Queen's University

John Smol earns top Arctic research prize

 
2013-07-22

One of the world’s top Arctic researchers, Queen’s University professor John Smol, has been awarded the Weston Family Prize for Lifetime Achievement in Northern Research by the W. Garfield Weston Foundation. Dr. Smol’s collaborative work has been instrumental in helping the world understand global climate issues and the effects of contaminants on the Arctic environment.

Dr. Smol is a leading international authority in the field of Arctic limnology and paleolimnology, the field of study that looks below the surface of lakes and rivers to uncover the secrets of the Arctic’s environmental history.

Queen's researcher John Smol was honoured with the top award for
Arctic research.

“Canada has stewardship over a vast, resource-rich and beautiful part of the planet, but we need solid evidence-based policy to make sustainable and informed decisions for our future,” says Dr. Smol. “I am tremendously honoured to be recognized with the Weston Family Prize for the work I love to do.”

The $50,000 prize is the largest of its kind for Northern research and is funded by the Weston Family Foundation.

“Throughout his remarkable career in northern science, Dr. Smol has demonstrated a commitment to education and public outreach,” says Peter Geller, President, ACUNS. “He has contributed to mentoring the next generation of arctic scientists, many of whom now fill key positions in Canadian universities and in the public service.”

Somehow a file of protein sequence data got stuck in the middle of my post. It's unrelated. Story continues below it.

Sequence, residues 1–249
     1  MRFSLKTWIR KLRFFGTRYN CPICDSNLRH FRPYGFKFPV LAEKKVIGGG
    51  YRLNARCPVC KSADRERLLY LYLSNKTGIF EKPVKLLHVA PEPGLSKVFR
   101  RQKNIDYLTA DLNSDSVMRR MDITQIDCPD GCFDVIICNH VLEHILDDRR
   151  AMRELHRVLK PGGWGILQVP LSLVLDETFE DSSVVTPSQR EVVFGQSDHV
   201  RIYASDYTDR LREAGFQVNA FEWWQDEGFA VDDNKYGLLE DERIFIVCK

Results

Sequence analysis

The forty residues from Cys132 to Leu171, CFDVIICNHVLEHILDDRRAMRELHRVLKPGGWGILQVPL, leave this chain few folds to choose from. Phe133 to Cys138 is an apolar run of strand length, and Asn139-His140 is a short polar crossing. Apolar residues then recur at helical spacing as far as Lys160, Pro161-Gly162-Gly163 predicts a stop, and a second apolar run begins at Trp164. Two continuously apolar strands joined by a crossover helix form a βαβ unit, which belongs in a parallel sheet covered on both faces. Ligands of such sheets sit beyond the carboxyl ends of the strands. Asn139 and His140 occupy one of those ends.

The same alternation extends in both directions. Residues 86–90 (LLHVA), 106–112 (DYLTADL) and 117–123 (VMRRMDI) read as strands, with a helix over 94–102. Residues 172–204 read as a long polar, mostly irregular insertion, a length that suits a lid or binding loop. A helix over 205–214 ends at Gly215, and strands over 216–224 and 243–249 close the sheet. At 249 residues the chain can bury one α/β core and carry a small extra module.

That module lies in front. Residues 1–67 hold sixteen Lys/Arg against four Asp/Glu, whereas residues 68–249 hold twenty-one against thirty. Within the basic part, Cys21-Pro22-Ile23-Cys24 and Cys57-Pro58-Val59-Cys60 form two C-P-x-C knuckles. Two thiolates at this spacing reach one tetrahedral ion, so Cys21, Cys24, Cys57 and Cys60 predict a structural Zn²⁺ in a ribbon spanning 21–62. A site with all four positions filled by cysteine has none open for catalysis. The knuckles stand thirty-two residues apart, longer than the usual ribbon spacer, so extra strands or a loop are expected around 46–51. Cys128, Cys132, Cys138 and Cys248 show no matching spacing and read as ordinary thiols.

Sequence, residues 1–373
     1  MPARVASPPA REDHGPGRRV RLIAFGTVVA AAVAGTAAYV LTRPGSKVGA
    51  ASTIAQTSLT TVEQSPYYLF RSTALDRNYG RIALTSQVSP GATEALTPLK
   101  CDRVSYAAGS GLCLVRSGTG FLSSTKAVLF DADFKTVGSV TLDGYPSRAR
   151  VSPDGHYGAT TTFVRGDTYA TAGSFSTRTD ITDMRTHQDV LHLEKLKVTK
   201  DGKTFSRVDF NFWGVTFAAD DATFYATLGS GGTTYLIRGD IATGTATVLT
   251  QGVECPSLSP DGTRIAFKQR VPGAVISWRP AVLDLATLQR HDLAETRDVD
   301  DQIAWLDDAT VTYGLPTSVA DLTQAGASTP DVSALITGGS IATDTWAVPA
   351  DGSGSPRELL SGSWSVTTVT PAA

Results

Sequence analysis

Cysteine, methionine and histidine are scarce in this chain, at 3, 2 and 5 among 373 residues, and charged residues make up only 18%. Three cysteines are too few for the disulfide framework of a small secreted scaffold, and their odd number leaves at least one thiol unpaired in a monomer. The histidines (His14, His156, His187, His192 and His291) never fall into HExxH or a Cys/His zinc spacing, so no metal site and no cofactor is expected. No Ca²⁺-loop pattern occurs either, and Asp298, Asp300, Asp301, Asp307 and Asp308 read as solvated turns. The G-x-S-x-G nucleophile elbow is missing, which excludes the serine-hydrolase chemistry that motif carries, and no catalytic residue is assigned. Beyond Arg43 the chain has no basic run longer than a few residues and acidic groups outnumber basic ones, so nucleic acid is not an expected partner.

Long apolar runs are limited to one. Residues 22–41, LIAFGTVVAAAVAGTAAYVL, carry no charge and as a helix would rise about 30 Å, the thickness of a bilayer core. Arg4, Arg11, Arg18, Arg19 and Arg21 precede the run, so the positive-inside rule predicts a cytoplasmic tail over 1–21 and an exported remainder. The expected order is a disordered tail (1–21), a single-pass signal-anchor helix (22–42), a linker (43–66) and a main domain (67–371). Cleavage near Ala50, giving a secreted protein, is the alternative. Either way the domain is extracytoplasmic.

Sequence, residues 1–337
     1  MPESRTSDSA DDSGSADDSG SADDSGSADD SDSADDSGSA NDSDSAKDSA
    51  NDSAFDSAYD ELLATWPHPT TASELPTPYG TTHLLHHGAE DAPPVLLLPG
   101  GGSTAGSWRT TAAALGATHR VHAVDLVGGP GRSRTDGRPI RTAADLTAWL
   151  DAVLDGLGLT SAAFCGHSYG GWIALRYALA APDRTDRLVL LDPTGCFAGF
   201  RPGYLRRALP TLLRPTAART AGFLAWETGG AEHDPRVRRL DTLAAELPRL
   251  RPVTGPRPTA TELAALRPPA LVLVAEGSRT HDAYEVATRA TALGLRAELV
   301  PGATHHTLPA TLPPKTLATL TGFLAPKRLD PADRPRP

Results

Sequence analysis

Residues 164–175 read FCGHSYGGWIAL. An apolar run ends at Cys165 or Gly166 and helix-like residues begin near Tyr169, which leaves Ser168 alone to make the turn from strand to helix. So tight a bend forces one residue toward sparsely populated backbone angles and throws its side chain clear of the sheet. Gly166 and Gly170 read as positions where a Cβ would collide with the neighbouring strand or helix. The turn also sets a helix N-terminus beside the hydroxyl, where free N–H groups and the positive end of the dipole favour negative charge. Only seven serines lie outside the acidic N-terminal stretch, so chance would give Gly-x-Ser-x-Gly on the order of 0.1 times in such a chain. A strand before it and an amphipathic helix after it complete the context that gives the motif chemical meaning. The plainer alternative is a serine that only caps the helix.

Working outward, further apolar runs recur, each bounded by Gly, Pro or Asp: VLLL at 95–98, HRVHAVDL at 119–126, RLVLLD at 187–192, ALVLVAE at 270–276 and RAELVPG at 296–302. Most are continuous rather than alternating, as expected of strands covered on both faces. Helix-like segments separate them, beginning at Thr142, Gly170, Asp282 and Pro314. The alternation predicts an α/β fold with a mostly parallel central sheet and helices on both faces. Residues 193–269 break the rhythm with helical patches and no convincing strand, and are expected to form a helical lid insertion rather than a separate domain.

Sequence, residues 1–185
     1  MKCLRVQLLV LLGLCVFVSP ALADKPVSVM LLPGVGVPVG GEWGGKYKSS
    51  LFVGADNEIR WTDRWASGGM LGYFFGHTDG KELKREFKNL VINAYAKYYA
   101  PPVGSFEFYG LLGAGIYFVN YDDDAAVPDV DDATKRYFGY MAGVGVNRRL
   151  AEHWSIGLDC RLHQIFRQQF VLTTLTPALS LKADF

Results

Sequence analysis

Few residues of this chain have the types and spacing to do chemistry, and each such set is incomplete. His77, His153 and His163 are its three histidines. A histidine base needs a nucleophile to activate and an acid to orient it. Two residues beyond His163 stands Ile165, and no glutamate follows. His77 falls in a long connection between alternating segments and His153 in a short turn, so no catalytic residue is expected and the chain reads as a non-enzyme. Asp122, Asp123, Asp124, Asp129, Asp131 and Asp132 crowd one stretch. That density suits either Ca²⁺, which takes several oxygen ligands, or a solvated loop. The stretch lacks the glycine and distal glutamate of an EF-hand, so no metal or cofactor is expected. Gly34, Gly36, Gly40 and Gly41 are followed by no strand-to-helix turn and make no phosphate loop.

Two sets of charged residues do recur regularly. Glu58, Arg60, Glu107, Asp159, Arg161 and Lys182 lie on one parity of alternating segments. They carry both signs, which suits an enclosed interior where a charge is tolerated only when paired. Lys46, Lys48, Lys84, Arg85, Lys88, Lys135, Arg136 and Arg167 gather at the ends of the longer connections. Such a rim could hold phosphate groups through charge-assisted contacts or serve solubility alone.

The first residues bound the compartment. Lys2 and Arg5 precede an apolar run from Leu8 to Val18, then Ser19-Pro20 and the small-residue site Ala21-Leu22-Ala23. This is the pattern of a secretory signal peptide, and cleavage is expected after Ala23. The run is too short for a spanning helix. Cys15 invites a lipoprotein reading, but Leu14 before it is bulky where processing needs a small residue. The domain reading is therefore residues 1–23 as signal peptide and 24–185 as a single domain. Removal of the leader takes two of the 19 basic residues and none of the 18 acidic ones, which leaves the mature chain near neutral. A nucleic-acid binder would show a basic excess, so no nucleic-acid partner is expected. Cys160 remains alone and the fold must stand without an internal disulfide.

Dr. Smol became interested in Arctic research as a graduate student upon meeting Dr. Weston Blake Jr., a research scientist from the Geological Survey of Canada. He invited Dr. Smol on a research expedition to Ellesmere Island in 1983 and Dr. Smol was hooked.

With a career spanning 30 years, there are many awards and honours that have come his way. He is most proud, though, of the students he has mentored over the years and how his research has shown how fast the Arctic is changing due to climate change.

“Dr. Smol has dedicated the past 30 years to advancing our understanding of a wide range of environmental issues affecting Northern Canada and the world,” says Michael Goodyear, Executive Director, Churchill Northern Studies Centre, the group that administers the award. “His outstanding national and international reputation among governments, organizations and leading researchers, and impressive record of contributions to the scientific community made his selection a natural choice.”

Click here for more information on the award.

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